MDST 3703 F10 Seminar 7


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MDST 3703 F10 Seminar 7

  1. 1. Seminar 7 Worlds of Dante and Tibet<br />Introduction to the Digital Liberal Arts<br />MDST 3703 / 7703Fall 2010<br />
  2. 2. Business<br />Midterms are available on Collab<br />In the Resources tree<br />About Tuesday …<br />As a result, synthetic posts not due this week<br />You may write a post for extra credit<br />
  3. 3. Review<br />Text and Image<br />Contextual mass achieved through juxtaposition of text and image<br />Classification and the role of categories<br />Connecting<br />What else?<br />
  4. 4. Parker and Germano want their sites to evoke worlds.<br /> What do they mean by “world”?<br />
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  8. 8. Hermeneutics, the Study of Wor(l)ds<br />We’ve mentioned the hermeneutical circle<br />Grammatical vs. Psychological meanings<br />More generally: human beings inhabit worlds, not just environments<br />Worldview<br />Origins in interpreting the Bible and Roman Law<br />The “records left by man [sic]” bear the imprint of these worlds<br />Scholarship is about remembering these worlds to our contemporaries<br />Remembering them, rearticulating them<br />
  9. 9. “We hold these truths to be self-evident, that all men are created equal, that they are endowed by their Creator with certain unalienable Rights, that among these are Life, Liberty and the pursuit of Happiness.”<br />
  10. 10. Texts “contain” worlds<br />Is this idea found in hypertext?<br />
  11. 11. Operationalizing the concept<br />Worlds consist of “symbols and meanings”<br />Symbols and meanings<br />Encode categories <br />Are expressed by both words and images<br />Are created and “owned” by communities and societies<br />We can represent these in the digital medium<br />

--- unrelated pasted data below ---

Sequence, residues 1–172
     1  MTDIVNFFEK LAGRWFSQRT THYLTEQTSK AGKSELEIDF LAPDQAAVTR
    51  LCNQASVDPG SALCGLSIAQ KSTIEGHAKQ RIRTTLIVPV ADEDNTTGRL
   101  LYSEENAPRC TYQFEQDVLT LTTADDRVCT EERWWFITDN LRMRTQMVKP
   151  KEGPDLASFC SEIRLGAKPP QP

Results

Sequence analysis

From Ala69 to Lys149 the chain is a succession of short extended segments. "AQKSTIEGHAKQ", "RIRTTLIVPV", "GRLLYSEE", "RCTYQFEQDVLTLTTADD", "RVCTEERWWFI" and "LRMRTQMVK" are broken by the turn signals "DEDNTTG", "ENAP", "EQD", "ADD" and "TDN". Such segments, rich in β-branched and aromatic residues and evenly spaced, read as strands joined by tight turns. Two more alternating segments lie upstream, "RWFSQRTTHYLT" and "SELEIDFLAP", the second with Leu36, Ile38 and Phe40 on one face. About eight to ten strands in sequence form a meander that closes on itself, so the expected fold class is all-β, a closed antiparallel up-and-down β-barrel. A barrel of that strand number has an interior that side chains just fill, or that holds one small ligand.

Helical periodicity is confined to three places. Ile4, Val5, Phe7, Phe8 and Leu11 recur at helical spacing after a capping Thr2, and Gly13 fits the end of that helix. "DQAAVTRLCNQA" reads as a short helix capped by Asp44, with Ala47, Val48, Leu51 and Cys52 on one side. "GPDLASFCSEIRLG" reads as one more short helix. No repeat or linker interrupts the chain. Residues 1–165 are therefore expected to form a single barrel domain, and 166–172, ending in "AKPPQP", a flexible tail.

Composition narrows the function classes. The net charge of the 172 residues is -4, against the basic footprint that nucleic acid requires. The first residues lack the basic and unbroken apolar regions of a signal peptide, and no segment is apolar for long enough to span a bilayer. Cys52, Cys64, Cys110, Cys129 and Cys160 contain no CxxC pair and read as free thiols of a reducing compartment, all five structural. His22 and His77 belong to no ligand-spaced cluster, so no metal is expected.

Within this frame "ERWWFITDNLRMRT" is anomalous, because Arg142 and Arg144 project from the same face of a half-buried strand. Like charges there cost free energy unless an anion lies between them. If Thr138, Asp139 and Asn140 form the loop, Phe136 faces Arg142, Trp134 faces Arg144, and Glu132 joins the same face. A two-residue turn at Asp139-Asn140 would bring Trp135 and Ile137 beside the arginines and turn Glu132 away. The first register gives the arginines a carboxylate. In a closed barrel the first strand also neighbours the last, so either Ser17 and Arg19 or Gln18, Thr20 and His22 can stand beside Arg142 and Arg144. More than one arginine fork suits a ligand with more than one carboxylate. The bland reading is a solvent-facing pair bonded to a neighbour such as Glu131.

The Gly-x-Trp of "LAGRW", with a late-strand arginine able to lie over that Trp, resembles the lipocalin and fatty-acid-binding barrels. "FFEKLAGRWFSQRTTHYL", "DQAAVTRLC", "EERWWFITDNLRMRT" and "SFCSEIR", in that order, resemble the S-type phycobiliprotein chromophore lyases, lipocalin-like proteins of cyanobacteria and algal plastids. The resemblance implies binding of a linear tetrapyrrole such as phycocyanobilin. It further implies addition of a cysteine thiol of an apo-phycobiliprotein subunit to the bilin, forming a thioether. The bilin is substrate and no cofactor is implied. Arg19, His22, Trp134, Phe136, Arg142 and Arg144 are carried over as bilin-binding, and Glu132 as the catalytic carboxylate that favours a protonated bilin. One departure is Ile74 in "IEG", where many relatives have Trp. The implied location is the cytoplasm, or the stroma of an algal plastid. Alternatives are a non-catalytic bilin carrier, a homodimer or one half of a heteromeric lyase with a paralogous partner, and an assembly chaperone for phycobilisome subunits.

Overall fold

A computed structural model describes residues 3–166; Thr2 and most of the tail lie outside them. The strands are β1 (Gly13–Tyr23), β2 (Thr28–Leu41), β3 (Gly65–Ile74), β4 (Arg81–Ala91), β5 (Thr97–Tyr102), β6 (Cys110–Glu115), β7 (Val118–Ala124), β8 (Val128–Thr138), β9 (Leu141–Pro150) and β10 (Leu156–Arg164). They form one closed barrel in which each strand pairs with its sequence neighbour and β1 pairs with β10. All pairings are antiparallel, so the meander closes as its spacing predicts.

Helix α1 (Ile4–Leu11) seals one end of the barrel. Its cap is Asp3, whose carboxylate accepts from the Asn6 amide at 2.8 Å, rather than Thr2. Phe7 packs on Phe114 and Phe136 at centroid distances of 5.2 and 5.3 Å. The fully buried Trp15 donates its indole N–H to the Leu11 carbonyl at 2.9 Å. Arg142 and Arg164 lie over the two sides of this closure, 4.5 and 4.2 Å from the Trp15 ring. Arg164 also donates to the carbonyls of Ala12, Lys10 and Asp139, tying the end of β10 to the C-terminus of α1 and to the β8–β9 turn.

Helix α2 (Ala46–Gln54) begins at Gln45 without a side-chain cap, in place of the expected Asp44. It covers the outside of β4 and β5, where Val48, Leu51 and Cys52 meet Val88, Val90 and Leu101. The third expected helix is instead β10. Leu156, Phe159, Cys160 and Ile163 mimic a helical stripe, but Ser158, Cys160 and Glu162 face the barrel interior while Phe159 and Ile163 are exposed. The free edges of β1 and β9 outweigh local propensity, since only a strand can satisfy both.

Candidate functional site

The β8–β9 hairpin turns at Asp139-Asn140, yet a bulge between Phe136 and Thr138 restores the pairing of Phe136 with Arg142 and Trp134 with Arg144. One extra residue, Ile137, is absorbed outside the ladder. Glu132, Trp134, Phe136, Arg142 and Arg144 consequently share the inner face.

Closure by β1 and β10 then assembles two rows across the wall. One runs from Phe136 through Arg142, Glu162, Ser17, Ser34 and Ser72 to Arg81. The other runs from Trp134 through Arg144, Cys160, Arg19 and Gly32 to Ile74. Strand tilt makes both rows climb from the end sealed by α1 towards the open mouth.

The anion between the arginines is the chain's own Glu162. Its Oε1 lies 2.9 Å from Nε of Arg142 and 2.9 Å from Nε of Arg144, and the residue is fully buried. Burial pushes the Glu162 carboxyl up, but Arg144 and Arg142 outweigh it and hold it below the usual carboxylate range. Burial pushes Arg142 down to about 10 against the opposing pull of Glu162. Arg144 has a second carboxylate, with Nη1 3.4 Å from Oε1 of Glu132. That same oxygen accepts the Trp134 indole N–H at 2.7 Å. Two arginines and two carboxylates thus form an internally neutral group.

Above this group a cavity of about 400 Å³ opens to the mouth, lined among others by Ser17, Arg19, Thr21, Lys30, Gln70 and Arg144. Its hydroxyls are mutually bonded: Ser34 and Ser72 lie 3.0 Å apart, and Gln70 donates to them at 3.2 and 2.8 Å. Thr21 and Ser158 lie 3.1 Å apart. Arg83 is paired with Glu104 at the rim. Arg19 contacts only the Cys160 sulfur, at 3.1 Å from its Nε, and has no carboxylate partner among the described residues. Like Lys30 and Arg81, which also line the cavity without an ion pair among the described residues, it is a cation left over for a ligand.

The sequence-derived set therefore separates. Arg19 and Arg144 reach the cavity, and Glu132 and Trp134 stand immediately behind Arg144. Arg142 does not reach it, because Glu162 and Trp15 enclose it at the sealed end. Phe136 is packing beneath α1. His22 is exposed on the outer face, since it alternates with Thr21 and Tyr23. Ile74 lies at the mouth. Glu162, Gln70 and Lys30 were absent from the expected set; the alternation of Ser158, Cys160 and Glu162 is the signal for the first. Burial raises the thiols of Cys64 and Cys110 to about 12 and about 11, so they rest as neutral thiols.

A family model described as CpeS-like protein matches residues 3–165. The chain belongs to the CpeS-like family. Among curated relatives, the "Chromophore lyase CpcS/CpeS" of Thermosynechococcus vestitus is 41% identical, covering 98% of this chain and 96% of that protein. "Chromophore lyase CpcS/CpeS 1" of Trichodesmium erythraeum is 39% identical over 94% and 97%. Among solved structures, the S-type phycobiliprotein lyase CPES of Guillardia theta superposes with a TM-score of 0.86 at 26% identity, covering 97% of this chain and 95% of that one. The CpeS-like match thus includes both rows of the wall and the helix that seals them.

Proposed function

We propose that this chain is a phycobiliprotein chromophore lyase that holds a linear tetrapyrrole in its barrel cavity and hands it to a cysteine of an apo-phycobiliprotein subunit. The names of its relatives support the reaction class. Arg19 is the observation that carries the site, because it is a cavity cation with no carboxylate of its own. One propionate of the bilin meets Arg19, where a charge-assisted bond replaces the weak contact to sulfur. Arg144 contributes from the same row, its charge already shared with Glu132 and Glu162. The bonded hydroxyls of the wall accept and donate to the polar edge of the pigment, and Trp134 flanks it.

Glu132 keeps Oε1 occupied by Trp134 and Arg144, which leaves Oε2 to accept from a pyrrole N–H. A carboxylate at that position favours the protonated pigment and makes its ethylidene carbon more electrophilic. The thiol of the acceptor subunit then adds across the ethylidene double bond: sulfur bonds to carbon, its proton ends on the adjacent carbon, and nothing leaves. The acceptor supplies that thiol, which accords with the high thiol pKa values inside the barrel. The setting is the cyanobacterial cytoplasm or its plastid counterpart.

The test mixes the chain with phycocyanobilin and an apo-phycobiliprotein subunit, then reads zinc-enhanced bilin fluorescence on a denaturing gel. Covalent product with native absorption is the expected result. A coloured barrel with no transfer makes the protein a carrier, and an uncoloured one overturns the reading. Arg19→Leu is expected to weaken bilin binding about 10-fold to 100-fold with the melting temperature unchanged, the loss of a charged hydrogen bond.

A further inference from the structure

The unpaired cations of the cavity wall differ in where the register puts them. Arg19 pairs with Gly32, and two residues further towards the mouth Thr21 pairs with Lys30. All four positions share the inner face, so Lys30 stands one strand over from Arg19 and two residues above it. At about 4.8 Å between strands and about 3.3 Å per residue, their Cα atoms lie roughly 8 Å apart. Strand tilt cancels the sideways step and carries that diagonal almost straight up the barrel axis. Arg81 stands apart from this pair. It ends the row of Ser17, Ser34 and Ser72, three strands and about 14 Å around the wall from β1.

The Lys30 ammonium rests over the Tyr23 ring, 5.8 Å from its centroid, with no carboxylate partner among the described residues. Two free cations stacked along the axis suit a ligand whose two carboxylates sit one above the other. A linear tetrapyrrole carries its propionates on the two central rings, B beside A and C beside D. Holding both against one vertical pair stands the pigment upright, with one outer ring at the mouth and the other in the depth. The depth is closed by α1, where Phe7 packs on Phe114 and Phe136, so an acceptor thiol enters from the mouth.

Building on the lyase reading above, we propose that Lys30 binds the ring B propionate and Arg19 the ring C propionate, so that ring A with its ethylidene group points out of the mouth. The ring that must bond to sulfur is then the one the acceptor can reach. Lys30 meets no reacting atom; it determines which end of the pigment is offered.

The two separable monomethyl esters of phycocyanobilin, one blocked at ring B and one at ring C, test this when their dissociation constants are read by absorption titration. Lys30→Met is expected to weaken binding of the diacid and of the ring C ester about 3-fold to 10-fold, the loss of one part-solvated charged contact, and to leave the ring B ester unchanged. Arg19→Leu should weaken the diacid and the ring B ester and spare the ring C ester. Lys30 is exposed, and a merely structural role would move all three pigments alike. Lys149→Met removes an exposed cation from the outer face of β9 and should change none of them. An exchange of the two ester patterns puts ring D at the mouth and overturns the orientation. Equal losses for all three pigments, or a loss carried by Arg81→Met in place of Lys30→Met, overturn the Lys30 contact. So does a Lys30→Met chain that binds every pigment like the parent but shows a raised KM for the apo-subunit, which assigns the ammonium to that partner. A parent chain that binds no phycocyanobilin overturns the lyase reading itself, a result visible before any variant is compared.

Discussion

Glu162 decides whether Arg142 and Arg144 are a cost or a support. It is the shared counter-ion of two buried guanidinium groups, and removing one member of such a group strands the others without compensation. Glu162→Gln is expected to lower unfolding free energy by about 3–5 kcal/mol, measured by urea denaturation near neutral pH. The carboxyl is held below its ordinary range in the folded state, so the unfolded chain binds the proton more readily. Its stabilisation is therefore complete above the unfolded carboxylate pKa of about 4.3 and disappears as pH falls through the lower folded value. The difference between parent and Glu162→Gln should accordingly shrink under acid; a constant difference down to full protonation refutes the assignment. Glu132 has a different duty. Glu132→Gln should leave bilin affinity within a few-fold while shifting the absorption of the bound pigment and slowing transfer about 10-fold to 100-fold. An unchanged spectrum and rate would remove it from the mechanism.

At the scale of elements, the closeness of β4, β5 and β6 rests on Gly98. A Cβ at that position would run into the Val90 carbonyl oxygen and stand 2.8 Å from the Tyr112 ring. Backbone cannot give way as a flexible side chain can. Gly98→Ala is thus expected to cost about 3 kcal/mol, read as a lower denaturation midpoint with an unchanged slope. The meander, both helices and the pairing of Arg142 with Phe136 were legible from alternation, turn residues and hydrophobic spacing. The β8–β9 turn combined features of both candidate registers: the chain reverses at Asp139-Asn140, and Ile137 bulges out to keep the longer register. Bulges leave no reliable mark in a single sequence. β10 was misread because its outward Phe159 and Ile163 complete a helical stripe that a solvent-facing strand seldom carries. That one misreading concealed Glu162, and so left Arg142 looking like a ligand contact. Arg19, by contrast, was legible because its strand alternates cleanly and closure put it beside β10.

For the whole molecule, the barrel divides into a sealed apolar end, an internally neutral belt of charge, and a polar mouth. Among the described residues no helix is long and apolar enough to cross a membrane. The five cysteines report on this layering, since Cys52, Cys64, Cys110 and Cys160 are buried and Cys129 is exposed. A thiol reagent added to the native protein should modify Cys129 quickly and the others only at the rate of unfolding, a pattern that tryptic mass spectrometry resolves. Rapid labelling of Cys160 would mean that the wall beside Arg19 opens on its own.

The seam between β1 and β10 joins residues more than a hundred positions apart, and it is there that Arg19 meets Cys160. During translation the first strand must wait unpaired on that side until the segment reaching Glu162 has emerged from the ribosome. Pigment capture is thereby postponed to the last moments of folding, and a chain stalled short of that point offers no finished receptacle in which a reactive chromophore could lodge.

12. 12. Sign<br />Symbol<br />
  13. 13. Let’s look at how worlds are represented for Dante and Tibet<br />
  14. 14. World of Dante<br />Third Generation IATH project<br />Deborah Parker, Italian<br />Focuses on putting the Divine Comedy in context—evoking the world<br />Dante is like Blake and Milton in this respect<br />How does the site accomplish this?<br />Visit site and begin reading …<br />Ask: who is Beatrice?<br />
  15. 15. Submenu<br />Core Content<br />Main Menu<br />Maps<br />SEARCH<br />Text, Category<br />LIST<br />Music<br />CANTO VIEWER<br />English, Italian, Categories<br />Timeline<br />Inferno | Purgatorio| Paradisio<br />Resources<br />IMAGE<br />RECORD<br />CATEGORY<br />RECORD<br />Gallery<br />Information Architecture of WOD<br />
  16. 16. World Views<br />Maps categories onto text<br />Maps images onto categories<br />
  17. 17. Tibetan & Himalayan Library<br />Third Generation IATH project<br />David Germano, Religious Studies<br />Builds on UVAs position in Tibetan Studies<br />Focuses on putting Tibet in context<br />Also takes advantage of context—how?<br />Built around the library metaphor (alas)<br />Projects, Collections, Places (Map room), Encyclopedias, Reference, Community, Tools<br />
  18. 18. Key Elements<br />Media<br />Images, video, etc.<br />Categories (Knowledge Maps)<br />Rituals, Economics, etc.<br />Maps<br />Interactive Maps, Place Dictionary<br />Literature<br />Encyclopedia, Dictionary, Translator, etc.<br />Community<br />Projects, How to Contribute, etc.<br />
  19. 19. Exercise <br />Group A: Compare the representations of Virgil and Beatrice in the text. Who are they and how many times does each appear in the text?<br />Group B: Compare image representations of Virgil and Beatrice<br />Group C: Locate the Tibetan city of Lhasa and learn about it place in Tibetan culture<br />Group D: use the Knowledge Maps to find out how many kinds of Tibetan rituals there are. Do any have images associated with them?<br />